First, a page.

Projects

Research projects

The following research projects have received external funding of more than DKK 500,000.

2011- 2014: Cognitive Analysis and Statistical Methods for Advanced Computer Aided Translation (CASMACAT)

This project seeks to advance computer-aided translation, and integrate novel models into a new open source workbench, in order to improve productivity of human translators by addressing their needs for the right type of assistance at the right time. An important objective of the CASMACAT project is to gain insight into the cognitive processes involved in human translation. Relying on key logging and eye-tracking, we study translator behaviour in computer-aided translation, and investigate the usefulness of visualisation options in post-editing and interactive translation, for different types of text, for different language pairs, and for translators with different degrees of expertise. The findings of this first stage provide the theoretical background for the CASMACAT work on interactive translation prediction and interactive editing, and are crucial for the development of the adaptable CASMACAT workbench. Based on the cognitive user model, it will anticipate user behaviour and tailor visualisation to the users’ immediate needs. Partners: University of Edinburgh, Universitat Politècnica de València, Celer Soluciones, and Copenhagen Business School. Members from CBS: Arnt Lykke Jakobsen, Michael Carl, Christopher Teplovs, and Jakob Elming.

2011- 2013: Networking Grant (DKK 1 million)

Between 2011 and 2013, the Danish Agency for Sciences, Technology and Innovation supported the CRITT with international networking grants, under the following subtitles:
  • Human Machine Interaction in Translation 
    1.3.2011 – 31.12.2011
    The aim of this network activity was to specify common interests between the three research groups CDAC-Noida/India, LETTRE at Universidade Federal do Minas Gerais, Belo Horizonte/Brazil and CRITT at Copenhagen Business School in the field of Translation Process Research, to discuss and specify colaboration projects of common interest 
    and to draft project proposals for possible future colaborative research project(s).
  • Post-editing Expertise 1.3.2012 – 31.12.2012
    The aim of the network activity “Post-editing Expertise” was to investigate post-editing behaviour from a technological and a human angle. It aimed at discussing and promoting novel forms of post-editing machine translation output, including new technological possibilities as well as human experience with those technologies. The network was extended with groups from NICT/Japan and HKUST/Hong Kong.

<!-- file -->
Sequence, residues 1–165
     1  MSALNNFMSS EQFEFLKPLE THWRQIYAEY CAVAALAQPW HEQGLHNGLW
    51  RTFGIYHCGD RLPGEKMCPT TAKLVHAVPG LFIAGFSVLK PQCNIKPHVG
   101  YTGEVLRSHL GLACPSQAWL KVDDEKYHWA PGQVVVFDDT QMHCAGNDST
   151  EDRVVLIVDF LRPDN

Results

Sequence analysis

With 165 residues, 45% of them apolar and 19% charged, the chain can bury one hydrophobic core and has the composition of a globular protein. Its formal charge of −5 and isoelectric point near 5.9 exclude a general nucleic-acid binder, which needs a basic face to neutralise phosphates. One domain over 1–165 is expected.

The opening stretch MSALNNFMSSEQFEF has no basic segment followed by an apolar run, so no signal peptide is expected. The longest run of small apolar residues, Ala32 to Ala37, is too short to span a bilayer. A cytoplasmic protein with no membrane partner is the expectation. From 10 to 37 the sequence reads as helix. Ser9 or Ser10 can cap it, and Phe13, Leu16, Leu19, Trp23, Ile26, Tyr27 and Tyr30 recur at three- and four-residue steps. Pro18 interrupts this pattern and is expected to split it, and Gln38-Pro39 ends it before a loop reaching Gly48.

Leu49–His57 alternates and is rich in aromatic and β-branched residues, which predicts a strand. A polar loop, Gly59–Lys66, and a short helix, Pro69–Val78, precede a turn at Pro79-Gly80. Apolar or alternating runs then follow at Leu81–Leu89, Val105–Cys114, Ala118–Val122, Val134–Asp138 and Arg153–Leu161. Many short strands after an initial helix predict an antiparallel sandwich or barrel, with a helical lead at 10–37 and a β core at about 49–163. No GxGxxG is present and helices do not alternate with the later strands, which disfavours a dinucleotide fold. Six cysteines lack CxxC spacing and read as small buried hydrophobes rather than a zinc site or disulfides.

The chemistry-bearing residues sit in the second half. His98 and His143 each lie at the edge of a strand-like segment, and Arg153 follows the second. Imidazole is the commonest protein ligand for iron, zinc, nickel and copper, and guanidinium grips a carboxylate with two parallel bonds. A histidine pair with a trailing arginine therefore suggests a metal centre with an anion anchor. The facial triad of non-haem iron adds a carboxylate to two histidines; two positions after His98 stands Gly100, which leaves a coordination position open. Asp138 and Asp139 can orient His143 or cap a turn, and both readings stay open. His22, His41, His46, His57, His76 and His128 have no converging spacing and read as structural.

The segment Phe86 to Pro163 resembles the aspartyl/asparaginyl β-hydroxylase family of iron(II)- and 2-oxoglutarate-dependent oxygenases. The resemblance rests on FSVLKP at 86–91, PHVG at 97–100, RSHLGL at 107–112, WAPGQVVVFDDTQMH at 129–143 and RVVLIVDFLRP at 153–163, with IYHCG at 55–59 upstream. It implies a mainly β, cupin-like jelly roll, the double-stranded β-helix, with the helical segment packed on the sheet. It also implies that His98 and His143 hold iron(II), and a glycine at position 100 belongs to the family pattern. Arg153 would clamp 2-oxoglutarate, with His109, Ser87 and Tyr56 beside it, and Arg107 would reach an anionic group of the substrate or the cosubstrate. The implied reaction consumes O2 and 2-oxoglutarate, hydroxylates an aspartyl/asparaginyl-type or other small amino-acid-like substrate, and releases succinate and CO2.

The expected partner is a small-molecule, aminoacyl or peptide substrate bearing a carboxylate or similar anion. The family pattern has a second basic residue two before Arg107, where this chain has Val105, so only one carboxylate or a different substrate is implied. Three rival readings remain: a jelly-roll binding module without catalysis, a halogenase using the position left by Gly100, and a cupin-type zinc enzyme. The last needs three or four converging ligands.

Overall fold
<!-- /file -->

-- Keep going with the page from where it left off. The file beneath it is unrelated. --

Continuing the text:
• Speech and Gaze in Translation 1.1.2013 – 31.12.2013
    The network “Speech and Gaze in Translation” extends the 2012 network activity by exploring new modalities of how translation problems can be tackled. 
The network organized a large number of meetings, workshops and conferences in Denmark, India, Japan and the USA (see here). International partners of the network were: 
  • Prof. Michael Carl, Copenhagen Business School (CBS) 
  • Dr. Srinivas Bangalore, AT&T Labs-Research, NJ, USA
  • Prof. RMK. Sinha, JSS Academy of Technical Education, Noida and former Professor & Head, CSE, IIT Kanpur, India
  • Prof. Fabio Alves, Belo-Horizonte/Brazil
  • Dr. Eichiro Sumita, Director of Multilingual Translation Laboratory, Project Leader of MASTAR Project of NICT and Visiting Professor of Kobe University Graduate School, Japan.Activities
  • Prof. Dekai Wu, Hong Kong University of Science and Technology
2009-2011: Reconstruction of Speech Events in Real Time (DKK 4.7 million)

The project aims to rethink the way information is encoded in speech and decoded in hearing. Our formal models are optimized for compatibility with hearing aids, speech technology, and mobile telephony. We use methods from machine learning, numerical analysis, deductive systems, acoustic analysis, and natural language parsing, based on data from real-world and laboratory tasks. The project is funded by the Danish Research Council for the Humanities. Members: Peter Juel Henrichsen (principal investigator), Maya Borges, Ruben Schactenhaufen, Thomas Ulrich Christiansen (Technical University of Denmark), Andrea Corradini (University of Southern Denmark).

2008-2011: The Copenhagen Dependency Treebank (DKK 3.0 million)

This project seeks to build a set of parallel treebanks for Danish, English, German, Italian, and Spanish with 40,000 words in each language, based on a unified annotation scheme for syntax, morphology and discourse. The treebanks will then be used to explore a wide range of research problems in theoretical and computational linguistics. The project is funded by the Danish Research Council for the Humanities. Members: Matthias Buch-Kromann (principal investigator), Iørn Korzen, Henrik Høeg Müller, Martin Haulrich.